Our Old Question of the Presidency, Now in a New Time

In an inspiring discussion with associates yesterday, Lyndon LaRouche noted that his entire operation, “as you all know well by now,” is based on this water question, and the implications of the water question—not only that, but as combined with the matter of the Presidency of the United States—of creating the new Presidency of the United States, which must be formulated, hopefully, very soon; and we will be devoting ourselves to doing the things that we may be able to do, which would build up the potential for this.

I happen to be about one of the oldest of the still-functioning members of that organization. And, I’ve had, a very important—especially at times, the most important function, and therefore I’m probably one of the most significant persons from the standpoint of age and experience, as to what the Presidency actually means, and in large degree what most of the world means. Because I’ve been at the hot spots of these kinds issues for quite a long time. Actually, since I left military service in World War II—immediately after military service, when, after coming out of an illness, I became a successful executive in the matter of economy.

So, that’s the way we should look at it. We have people of different ages and experiences, coming together to be a catalytic agency of creating an organization which we’ve indicated is needed for what we’ve indicated as the most probable candidate seen right now: O’Malley. As I’ve emphasized, that means not so much O’Malley as such, as a single person. It means O’Malley is the most qualified right now, to become the President of the United States. He would not be a single person, but as President, the leader of a government formed on the basis of his leadership.

And I think that’s the only available solution for us in the United States, to now contribute what we have to contribute, for the reform of civilization generally. By that I mean that fact that the forms of government, or the nominal forms of government which have existed heretofore, including the British Empire, are not really what we want. The BRICS, for example, and China, are more typical of what we want. We do want a system of sovereignty of nations, with certain qualifications. We want their independence; we also want their coordination on common issues.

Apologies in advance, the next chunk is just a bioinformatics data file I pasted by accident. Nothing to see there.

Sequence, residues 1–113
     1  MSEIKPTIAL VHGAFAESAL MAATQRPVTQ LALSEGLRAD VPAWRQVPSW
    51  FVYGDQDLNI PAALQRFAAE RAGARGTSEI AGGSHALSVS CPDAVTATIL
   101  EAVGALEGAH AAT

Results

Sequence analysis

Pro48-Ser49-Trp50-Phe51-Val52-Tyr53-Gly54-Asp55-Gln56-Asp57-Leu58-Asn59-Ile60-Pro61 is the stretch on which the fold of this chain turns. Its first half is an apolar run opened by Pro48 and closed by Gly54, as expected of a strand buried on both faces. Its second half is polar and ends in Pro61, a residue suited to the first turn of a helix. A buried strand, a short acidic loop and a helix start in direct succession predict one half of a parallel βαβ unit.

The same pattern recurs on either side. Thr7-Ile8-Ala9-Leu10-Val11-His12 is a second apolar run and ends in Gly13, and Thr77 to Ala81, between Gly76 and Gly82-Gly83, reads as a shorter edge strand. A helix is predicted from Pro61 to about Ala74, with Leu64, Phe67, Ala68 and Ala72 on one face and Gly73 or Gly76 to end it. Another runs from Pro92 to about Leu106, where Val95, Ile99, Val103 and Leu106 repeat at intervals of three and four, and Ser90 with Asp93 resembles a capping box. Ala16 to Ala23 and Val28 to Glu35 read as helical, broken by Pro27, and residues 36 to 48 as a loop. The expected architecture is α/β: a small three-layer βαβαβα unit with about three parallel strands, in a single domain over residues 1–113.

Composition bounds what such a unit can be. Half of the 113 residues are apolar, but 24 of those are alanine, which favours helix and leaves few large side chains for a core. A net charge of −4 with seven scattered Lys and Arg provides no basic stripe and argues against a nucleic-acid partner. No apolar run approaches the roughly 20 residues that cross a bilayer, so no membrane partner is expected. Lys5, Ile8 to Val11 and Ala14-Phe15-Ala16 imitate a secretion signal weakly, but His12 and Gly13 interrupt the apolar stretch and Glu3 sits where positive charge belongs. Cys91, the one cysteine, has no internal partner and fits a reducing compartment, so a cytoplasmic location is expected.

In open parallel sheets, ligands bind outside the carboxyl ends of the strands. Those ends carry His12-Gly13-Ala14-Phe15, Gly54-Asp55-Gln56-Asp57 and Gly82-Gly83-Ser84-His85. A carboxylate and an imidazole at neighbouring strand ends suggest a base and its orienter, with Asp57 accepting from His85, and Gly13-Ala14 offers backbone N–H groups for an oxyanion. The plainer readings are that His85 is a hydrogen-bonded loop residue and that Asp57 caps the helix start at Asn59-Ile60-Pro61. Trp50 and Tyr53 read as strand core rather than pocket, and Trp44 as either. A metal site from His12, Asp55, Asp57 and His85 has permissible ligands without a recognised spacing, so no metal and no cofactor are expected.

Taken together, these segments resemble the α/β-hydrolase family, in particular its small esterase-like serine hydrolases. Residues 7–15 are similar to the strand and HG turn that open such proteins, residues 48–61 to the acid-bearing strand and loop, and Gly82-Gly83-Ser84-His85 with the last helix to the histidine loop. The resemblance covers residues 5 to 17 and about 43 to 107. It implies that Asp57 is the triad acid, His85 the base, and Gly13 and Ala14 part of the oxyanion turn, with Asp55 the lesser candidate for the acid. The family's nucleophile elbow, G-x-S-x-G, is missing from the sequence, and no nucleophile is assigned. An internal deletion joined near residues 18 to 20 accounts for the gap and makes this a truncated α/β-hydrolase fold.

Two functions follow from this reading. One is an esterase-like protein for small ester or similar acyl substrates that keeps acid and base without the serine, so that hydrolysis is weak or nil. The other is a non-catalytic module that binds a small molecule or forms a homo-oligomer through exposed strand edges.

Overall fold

And that’s what we have to do, after our government has suffered many times in its experience, so far. We’ve had many Presidents who were no damn good; and we’ve had Presidents who were good, but the governments that they had were no damn good, because they were outnumbered on their assigned roles, or outswindled in that process. So we’re now going into a new kind of thing, a new kind of Presidency for this time. In one sense, it’s the normal American Presidency, shall we say, Alexander Hamilton being a model of that kind of thing, as well as John Quincy Adams, and so forth. BUT, we’ve now entered a period where it’s a new kind of world. And the new kind of world is a global world, where there’s no longer emphasis on governments and nations as being what they have been considered before. Now we have independent governing agencies, but they have a certain sense which the BRICS manifest and exhibit.

I’m very much an international person, with international devotions—but at the same time, a specific loyalty to the idea of our United States. But I believe that our United States must coordinate itself, with nations which are fit, and disposed by fitness to share a cooperation. So, it’s a new form for us. What’s happening in Argentina, in other places in South America, what’s happening in some parts of Asia. The re-creation of Russia as a nation. You know, Russia went through a number of things after the breakup of the Soviet Union, and it’s only relatively recently that Putin has become the figure, who brought together the elements, probably with about 80-90% support, to create an actual Russian government. And the Russian government has a very important connection to China; it’s one of the most important features: the Russia-China relationship. Because that is what’s going to pull the world as a whole together. We already have cooperation in some parts of South America. We should be able to clean up the mess and “burn out the Bushes,” which have polluted our own nation, that sort of thing. So, we’re in that kind of situation. And we have various experiences, by virtue of age and so forth.

This is where we’re going, and this is what we want to go to. We do not want to go to independent subject-matters. We want to go to the point, first of all, of creating a United States, again, which fits the actual requirements of the United States—but fits that into the kind of development in which, we know, the planetary system as a whole, must bring itself into a new form of general cooperation—and some parts of the world are doing that. The United States has not done that. And I would think that what I’ve been talking about and proposing, would be for the United States to enter, in its own role, in its own name, with its own original Constitution—to become joined into the BRICS group of nations.


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